IN A RECENT series of articles on presidential pardons, Dafna Linzer and Jennifer LeFleur revealed disturbing and disappointing truths about a process that is meant to correct injustices against those who have been unfairly or disproportionately punished by the criminal justice system. What was designed as a tool to bestow mercy often turns on the most cynical of factors and produces results few would recognize as fair.

The series, which was produced by ProPublica and published in The Post, found that white offenders are four times more likely to receive presidential pardons than are minority individuals guilty of similar crimes and sentenced to similar terms.

Presidents increasingly neglect the pardon power, and on those rare occasions when they act they often do so with great timidity.

President Obama has not broken the pattern. Since taking office in 2009, he has issued 22 pardons and one commutation. Last year, he pardoned a man convicted in the 1960s for whittling away the edges of pennies to pass them off as dimes in vending machines. Like most of those Mr. Obama has pardoned, the coin mutilator did not serve time behind bars.

Mr. Obama is on track to underperform President George W. Bush, who issued a measly 189 pardons during his two terms in office — the stingiest record of any two-term president since World War II.

But there is reason to hope that Mr. Obama will reverse course. In November he issued his first act of mercy involving a crack cocaine defendant when he commuted the sentence of Eugenia Marie Jennings of Illinois.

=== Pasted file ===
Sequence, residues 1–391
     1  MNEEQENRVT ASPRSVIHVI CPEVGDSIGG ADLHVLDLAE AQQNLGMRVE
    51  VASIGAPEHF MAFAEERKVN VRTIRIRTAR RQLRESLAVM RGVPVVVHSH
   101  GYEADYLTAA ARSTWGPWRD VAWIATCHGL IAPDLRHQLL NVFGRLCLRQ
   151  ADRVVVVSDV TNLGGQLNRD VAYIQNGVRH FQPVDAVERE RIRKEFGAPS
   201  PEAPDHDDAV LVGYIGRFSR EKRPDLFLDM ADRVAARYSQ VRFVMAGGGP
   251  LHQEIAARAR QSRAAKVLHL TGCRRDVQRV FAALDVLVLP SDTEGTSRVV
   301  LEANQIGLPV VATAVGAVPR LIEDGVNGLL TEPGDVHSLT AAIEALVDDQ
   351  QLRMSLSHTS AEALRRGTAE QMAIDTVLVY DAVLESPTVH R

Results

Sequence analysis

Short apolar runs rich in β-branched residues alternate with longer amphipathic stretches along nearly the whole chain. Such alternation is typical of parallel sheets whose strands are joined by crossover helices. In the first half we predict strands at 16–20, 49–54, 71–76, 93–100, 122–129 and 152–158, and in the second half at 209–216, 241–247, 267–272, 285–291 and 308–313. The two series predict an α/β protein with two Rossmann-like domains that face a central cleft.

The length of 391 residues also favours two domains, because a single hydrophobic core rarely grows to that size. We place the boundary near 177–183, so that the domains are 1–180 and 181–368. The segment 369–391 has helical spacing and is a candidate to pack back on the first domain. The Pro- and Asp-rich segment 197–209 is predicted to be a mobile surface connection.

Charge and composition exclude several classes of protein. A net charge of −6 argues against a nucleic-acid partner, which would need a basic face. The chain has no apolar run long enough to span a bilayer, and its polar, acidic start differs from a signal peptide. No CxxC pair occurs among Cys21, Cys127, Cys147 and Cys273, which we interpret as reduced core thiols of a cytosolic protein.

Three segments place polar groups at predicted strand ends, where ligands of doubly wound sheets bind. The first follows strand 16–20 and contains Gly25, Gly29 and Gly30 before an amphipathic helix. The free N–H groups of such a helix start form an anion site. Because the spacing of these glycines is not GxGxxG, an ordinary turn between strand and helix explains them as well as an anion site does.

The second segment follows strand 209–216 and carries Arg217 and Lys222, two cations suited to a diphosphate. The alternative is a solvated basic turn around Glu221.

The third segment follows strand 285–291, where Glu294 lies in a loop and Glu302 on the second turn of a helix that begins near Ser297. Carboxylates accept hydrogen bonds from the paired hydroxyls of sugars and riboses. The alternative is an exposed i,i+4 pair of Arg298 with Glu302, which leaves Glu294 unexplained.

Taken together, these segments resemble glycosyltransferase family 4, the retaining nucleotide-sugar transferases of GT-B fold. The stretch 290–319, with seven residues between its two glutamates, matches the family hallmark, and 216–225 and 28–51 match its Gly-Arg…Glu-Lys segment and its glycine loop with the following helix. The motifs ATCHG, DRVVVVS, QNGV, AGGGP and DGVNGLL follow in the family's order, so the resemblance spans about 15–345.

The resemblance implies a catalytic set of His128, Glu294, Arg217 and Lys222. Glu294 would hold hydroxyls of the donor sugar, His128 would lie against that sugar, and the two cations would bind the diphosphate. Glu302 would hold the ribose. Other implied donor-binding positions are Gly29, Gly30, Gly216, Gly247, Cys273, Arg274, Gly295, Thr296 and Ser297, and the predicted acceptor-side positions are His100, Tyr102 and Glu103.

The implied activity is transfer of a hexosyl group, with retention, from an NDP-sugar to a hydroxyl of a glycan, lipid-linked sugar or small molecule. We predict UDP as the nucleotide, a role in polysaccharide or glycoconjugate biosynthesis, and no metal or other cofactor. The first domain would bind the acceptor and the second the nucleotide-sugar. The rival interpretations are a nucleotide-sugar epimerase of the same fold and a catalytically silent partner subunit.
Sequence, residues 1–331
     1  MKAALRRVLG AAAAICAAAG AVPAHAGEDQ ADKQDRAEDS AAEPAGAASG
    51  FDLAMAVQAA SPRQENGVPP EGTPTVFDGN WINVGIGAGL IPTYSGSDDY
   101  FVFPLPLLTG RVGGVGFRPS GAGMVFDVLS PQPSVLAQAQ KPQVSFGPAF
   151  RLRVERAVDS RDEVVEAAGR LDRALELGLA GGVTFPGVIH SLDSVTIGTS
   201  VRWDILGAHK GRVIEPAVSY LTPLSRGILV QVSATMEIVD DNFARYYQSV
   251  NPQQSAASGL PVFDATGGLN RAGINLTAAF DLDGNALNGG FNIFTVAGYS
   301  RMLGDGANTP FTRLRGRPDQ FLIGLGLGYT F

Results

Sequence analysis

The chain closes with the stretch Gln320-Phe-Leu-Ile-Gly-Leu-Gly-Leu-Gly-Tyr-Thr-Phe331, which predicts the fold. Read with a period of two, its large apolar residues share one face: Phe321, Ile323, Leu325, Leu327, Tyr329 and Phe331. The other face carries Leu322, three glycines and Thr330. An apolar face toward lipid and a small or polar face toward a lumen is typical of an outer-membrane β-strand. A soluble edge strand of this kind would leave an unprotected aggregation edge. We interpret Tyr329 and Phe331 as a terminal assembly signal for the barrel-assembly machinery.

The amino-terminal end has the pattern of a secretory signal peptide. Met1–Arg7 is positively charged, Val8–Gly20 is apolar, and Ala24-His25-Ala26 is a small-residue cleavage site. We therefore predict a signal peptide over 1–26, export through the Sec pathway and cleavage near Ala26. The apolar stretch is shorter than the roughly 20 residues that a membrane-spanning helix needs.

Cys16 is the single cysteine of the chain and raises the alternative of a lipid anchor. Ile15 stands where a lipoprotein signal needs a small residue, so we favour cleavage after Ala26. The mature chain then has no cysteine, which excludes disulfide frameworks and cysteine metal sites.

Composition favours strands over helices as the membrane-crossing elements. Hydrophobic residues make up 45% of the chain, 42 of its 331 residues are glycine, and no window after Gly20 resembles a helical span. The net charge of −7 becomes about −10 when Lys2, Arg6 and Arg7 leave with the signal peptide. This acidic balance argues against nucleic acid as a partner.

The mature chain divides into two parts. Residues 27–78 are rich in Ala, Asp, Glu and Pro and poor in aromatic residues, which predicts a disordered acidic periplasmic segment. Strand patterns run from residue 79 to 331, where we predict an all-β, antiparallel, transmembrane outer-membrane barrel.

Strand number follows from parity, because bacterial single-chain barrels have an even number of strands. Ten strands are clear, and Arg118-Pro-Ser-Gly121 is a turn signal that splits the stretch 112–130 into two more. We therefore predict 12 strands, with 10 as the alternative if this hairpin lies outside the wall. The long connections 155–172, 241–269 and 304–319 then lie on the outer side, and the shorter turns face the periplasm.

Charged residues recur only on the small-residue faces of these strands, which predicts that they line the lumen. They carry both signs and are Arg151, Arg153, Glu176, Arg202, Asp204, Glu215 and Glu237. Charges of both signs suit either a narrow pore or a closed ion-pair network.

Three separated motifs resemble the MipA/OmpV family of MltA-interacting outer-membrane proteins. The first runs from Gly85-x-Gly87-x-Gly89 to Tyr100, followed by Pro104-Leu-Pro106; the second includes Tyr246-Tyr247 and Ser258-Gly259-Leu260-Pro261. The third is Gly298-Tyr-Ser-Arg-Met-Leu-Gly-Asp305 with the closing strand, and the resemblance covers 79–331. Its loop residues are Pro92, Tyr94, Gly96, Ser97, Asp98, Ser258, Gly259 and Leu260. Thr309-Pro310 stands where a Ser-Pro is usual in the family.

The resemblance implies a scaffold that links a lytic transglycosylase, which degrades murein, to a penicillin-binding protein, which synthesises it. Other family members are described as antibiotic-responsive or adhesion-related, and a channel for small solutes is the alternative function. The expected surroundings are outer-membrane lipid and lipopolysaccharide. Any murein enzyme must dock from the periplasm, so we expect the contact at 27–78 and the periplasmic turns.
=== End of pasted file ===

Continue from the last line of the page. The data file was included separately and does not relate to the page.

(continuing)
Ms. Jennings, an African American mother of three who was a victim of domestic abuse, was sentenced in 2001 to nearly 22 years in prison for selling 13.9 grams of crack to an undercover officer. She was also required to pay a $1,750 fine and submit to eight years of supervision once released. During her decade behind bars, Ms. Jennings overcame her own addiction and began speaking with students about the dangers of drug abuse.

Mr. Obama — in what thus far has been his most muscular use of the pardon power — ordered that Ms. Jennings be freed Dec. 21, in time for the holidays and to see her daughter graduate from high school; he kept in place the supervised release requirement.

Ms. Jennings was one of the fortunate few who had the help of top-flight lawyers, D.C. advocates and a home-state U.S. senator (Illinois Democrat Richard J. Durbin). Surely there are others just as worthy who may not have secured the lobbying support to distinguish their cases among thousands filed each year. Many of them are victims of laws that treated crack cocaine far more harshly than powder cocaine. Their petitions should not and need not be neglected.

The president should build on his courageous pardoning of Ms. Jennings by directing the Justice Department to help him fulfill his constitutional duty to see that justice is done.